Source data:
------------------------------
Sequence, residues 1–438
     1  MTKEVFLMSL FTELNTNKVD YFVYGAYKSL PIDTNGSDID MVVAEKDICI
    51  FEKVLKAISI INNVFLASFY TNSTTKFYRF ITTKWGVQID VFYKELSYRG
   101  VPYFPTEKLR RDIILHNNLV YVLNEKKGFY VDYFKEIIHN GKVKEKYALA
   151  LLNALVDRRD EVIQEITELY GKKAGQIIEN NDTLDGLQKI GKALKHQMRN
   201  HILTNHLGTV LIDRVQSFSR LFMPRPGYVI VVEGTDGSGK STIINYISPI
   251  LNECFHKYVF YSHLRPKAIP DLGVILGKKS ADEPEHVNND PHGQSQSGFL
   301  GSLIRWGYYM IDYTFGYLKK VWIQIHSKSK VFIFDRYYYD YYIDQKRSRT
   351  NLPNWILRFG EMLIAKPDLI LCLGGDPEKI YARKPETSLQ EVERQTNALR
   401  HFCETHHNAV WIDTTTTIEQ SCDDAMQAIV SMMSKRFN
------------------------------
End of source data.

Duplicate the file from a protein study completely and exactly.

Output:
Sequence, residues 1–438
     1  MTKEVFLMSL FTELNTNKVD YFVYGAYKSL PIDTNGSDID MVVAEKDICI
    51  FEKVLKAISI INNVFLASFY TNSTTKFYRF ITTKWGVQID VFYKELSYRG
   101  VPYFPTEKLR RDIILHNNLV YVLNEKKGFY VDYFKEIIHN GKVKEKYALA
   151  LLNALVDRRD EVIQEITELY GKKAGQIIEN NDTLDGLQKI GKALKHQMRN
   201  HILTNHLGTV LIDRVQSFSR LFMPRPGYVI VVEGTDGSGK STIINYISPI
   251  LNECFHKYVF YSHLRPKAIP DLGVILGKKS ADEPEHVNND PHGQSQSGFL
   301  GSLIRWGYYM IDYTFGYLKK VWIQIHSKSK VFIFDRYYYD YYIDQKRSRT
   351  NLPNWILRFG EMLIAKPDLI LCLGGDPEKI YARKPETSLQ EVERQTNALR
   401  HFCETHHNAV WIDTTTTIEQ SCDDAMQAIV SMMSKRFN